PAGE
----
Competition contributes to health insurance exchange prices

The number of competitors in an area is one factor influencing rates, says John Graves, assistant professor at the Vanderbilt University School of Medicine.

"There are generally lower premiums in areas where there are more issuers, though it doesn't totally explain variations," Graves says.

The differences are particularly stark in Georgia, where a 42-year-old living in the county with the most expensive health insurance in the state would pay twice as much as a 42-year-old living in the least expensive county, a study done by Kaiser Health News of HHS data found.

While the counties aren't named, premiums would cost $499 a month in the most expensive county, and only $247 a month in the least expensive one -- a difference of 102 percent.

Between states, the differences are even more pronounced. That same 42-year-old would pay $175 per month in the least expensive county in Arizona, and $409 in the least expensive county in Wyoming.

Example: Intrastate Price Variation Of Second-Lowest-Cost Silver Plans For 42-Year-Olds

State

Individual plan for a 42-year-old in the least expensive county

Individual plan for a 42-year-old in the most expensive

Percent Difference

GA

$247

$499

102%

WI

$253

$461

82%

PA

$176

$311

77%

AZ

$175

$271

55%

MO

$247

$374

52%

FL

$241

$366

52%

OH

$247

$369

49%

TX

$196

$286

46%

IL

$209

$296

41%

SC

$239

$329

38%

NM

$202

$274

36%

ME

$306

$405

33%

MI

$232

$300

29%

IA

$206

$265

29%

IN

$284

$365

29%

MS

$339

$425

25%

NC

$279

$344

23%

KS

$205

$250

22%

WV

$245

$299

22%

SD

$274

$330

20%

TN

$194

$233

20%

NE

$235

$281

20%

AL

$246

$290

18%

VA

$262

$307

17%

OK

$199

$231

16%

AR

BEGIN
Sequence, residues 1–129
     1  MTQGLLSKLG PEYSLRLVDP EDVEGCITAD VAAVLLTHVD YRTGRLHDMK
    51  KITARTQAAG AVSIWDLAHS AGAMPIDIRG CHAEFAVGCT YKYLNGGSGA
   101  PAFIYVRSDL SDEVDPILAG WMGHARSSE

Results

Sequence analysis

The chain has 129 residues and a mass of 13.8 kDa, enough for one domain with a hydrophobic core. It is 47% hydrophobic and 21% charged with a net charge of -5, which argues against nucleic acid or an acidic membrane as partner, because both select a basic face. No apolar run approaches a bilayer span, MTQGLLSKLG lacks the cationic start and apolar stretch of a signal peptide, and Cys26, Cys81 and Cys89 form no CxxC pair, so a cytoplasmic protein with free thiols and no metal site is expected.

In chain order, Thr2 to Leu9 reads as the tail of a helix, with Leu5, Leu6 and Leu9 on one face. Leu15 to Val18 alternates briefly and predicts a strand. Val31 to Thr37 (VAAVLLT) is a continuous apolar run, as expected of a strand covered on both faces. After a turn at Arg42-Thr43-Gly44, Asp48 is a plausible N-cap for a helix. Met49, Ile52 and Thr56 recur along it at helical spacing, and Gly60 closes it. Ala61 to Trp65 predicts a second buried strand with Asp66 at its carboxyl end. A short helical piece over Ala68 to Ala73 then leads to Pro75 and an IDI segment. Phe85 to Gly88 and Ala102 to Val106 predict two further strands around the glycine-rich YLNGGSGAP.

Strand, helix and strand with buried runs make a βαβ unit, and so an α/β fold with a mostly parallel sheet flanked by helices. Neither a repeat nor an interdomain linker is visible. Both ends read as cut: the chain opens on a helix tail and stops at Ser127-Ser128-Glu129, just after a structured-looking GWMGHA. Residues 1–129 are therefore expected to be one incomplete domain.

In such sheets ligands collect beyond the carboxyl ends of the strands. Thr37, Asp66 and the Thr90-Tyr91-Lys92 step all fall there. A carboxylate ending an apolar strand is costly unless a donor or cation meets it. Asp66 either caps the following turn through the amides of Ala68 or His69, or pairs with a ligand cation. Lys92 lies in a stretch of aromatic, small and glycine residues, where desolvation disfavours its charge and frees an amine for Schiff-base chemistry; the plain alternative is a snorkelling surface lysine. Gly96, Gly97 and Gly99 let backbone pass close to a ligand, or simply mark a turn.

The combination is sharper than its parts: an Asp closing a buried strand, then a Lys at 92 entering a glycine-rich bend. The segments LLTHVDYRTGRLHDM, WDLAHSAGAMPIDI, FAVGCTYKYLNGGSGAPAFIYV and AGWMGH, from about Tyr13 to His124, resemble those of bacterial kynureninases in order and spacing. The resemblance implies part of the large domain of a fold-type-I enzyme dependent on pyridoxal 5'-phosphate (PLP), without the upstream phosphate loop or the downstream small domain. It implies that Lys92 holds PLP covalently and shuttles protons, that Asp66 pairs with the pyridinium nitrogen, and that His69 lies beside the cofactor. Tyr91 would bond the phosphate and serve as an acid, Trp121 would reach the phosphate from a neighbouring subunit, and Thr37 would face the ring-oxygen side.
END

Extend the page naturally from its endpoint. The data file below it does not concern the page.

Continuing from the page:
$284

$317

12%

LA

$302

$332

10%

UT

$187

$204

9%

WY

$409

$442

8%

ID

$226

$240

6%

ND

$281

$298

6%

MT

$258

$268

4%

AK

$395

$395

0%

NJ

$329

$329

0%

NH

$300

$300

0%

DE

$300

$300

0%

Source: U.S. Department of Health and Human Services and Kaiser Health News, an editorially independent program of the Henry J. Kaiser Family Foundation.

Insurer expectations

Another factor, Graves says, is that insurance companies don't know what to expect, particularly if they're not accustomed to "dealing with the health care needs of low- and moderate-income people." They may fear they need to set premiums higher to make sure they can cover health care costs.

In Tennessee, where the state's Medicaid program is run by a managed care organization, good actuarial data is available to help insurers set rates. So even though Tennessee has a "relatively unhealthy population, it has among the lowest exchange premiums in the country," Graves says. In neighboring Georgia, which has a similar population, but not the same type of data available to help insurers set rates, premiums are among the highest in the nation.

Premiums "could smooth out with time," Graves say, as insurers get a better sense of the health risks of the populations they're dealing with.

And if they've charged too much, you'll receive a rebate, he says. Your insurer must spend at least 80 percent of its total premium dollars on medical care and quality improvements. If it doesn't, you'll have money refunded to you.